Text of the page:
Public Administration and Development, (UK), Oct 1998 Vol 18 No 4
Start page: 349. No of pages: 15
Outlines the evolution of New Zealand’s (NZ) approach to the determination of the strategic direction of its public services during a decade of reform beginning in 1984. Describes the most novel reforms as being the core mechanisms for allocating, managing, controlling and accounting for public resources and lists the key components of these reforms. Addresses the issues relating to the ‘strategic management process’ and claims that the evolution of this process offers an insight into the changed dynamics of NZ’s public management system. Discusses the sources driving strategic change, such as the need to refocus attention on the ‘collective interest’ of government, and to rethink and formalize the role of the State Services Commission. Explores the role of government and suggests that the key ideas for the development of a coherent government policy is an understanding between the main players of the intended direction of the whole; a sense of joint cause; and the co-operation of senior public servants in implementing it. Contends that governments must become more strategically able in the light of current environmental conditions. Concludes with an analysis of the reasons for innovation and change, and the attempt to improve and systematize the leadership and co-ordinating processes of government.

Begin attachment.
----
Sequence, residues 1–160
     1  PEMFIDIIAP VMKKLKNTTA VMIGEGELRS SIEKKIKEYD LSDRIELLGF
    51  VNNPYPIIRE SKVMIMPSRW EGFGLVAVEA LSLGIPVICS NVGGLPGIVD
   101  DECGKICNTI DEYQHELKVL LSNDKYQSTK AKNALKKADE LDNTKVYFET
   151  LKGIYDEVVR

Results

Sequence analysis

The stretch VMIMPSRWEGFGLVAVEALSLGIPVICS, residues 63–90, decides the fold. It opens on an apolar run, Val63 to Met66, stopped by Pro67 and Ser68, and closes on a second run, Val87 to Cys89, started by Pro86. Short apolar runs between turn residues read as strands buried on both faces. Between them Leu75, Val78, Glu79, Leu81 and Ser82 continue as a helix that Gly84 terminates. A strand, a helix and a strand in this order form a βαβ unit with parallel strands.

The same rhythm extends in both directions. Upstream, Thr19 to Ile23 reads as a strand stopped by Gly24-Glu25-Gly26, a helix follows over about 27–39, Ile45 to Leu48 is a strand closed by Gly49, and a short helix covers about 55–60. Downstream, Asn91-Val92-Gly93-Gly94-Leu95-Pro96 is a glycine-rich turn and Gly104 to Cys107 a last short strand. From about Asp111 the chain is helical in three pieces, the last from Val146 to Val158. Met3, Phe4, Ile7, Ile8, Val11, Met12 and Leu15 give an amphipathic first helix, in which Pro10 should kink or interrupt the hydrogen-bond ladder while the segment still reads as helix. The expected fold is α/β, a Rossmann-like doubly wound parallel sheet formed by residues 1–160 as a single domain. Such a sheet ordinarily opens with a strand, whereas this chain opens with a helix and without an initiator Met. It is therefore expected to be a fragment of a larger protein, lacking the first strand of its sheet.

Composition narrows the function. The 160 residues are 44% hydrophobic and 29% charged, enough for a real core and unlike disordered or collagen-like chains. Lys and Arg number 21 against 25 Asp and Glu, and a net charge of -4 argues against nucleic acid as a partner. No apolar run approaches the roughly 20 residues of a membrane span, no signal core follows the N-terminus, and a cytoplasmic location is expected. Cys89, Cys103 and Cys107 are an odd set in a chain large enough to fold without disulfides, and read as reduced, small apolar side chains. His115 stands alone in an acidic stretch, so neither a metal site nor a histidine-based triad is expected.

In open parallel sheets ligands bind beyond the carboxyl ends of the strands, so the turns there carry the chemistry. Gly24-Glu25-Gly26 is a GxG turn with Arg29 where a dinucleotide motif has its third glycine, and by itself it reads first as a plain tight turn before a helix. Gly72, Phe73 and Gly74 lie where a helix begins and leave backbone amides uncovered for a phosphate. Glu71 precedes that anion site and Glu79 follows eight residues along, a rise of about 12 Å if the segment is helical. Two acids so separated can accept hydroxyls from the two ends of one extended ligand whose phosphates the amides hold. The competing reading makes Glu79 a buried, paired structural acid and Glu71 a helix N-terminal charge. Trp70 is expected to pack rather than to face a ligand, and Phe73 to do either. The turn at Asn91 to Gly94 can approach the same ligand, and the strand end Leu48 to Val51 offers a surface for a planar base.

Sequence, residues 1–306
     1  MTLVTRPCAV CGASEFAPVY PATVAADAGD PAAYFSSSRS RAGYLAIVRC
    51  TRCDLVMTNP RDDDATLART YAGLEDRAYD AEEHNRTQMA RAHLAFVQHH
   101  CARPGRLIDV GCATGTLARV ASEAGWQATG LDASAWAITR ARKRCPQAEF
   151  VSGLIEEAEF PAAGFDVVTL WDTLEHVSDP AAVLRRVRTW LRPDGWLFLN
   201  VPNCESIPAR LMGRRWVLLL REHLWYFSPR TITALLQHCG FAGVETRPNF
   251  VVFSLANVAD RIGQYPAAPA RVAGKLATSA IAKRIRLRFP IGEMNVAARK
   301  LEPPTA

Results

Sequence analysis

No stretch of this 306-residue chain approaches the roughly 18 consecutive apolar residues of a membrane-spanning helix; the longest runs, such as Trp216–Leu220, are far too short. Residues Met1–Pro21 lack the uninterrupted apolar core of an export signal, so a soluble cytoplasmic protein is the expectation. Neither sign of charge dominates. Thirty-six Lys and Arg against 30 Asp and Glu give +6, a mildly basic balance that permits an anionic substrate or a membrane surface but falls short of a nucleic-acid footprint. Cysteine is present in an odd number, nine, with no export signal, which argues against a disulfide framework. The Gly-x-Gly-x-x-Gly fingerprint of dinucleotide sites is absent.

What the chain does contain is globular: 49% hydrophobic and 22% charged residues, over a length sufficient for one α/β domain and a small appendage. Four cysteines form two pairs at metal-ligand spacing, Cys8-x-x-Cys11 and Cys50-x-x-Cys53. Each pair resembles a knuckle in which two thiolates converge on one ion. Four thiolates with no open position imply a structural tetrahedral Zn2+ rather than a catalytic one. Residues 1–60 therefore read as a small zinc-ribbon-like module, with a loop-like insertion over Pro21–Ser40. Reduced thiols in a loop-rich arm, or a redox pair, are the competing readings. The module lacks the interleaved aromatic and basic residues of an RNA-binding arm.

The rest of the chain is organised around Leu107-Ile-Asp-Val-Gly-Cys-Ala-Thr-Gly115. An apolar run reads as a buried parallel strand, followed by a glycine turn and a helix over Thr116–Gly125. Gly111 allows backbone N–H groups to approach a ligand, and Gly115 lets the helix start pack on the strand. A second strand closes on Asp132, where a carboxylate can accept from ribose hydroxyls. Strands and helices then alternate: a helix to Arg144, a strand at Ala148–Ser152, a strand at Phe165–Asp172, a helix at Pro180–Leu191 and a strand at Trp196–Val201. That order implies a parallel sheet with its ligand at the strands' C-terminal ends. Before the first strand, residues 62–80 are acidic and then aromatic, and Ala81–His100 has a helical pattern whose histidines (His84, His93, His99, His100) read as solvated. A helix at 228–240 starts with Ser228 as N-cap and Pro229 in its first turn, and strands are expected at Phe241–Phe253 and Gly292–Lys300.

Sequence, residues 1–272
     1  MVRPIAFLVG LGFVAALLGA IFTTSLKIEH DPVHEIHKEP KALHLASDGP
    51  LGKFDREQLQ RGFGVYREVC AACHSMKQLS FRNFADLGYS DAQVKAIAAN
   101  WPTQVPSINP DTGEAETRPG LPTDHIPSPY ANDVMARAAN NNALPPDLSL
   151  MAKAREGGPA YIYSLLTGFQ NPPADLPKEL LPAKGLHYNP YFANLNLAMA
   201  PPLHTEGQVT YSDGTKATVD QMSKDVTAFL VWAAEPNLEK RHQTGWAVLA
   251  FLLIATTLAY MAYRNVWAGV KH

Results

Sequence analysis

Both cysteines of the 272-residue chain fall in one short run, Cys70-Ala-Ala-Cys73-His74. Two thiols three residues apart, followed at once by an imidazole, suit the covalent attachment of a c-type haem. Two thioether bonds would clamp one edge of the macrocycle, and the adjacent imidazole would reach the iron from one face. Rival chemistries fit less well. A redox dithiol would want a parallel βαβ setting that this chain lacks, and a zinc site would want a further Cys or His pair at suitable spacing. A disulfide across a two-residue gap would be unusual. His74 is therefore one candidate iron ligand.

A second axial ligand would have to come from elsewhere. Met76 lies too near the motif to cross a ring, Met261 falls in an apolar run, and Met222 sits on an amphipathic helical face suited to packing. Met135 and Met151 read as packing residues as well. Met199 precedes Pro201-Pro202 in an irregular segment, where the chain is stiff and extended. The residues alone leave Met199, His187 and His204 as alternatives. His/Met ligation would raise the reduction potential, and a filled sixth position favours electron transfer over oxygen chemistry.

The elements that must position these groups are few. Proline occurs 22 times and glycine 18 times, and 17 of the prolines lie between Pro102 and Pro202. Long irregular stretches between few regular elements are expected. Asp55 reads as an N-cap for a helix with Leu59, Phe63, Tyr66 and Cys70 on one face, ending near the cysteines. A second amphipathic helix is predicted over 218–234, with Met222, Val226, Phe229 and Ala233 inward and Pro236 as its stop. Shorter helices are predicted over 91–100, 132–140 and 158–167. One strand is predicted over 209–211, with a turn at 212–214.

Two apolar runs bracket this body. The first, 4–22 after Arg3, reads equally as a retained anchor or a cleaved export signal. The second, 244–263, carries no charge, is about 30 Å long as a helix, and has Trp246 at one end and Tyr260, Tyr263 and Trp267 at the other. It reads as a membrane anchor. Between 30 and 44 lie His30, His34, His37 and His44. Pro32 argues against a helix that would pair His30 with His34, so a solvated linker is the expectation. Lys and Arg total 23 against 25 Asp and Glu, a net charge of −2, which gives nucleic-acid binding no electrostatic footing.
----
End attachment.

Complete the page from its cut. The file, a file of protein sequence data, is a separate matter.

Subject(s): NEW ZEALAND, CENTRAL GOVERNMENT, PUBLIC SECTOR, PUBLIC ADMINISTRATION, STRATEGIC MANAGEMENT, STRATEGIC PLANNING, GOVERNMENT AGENCIES, CO-ORDINATION
Database: TMA: Top Management Abstracts AFA: Accounting & Finance Abstracts. Style: Theoretical with application in practice. ISSN: 0271-2075. Reference: 28AA713
Reproduced by permission of Anbar Management Intelligence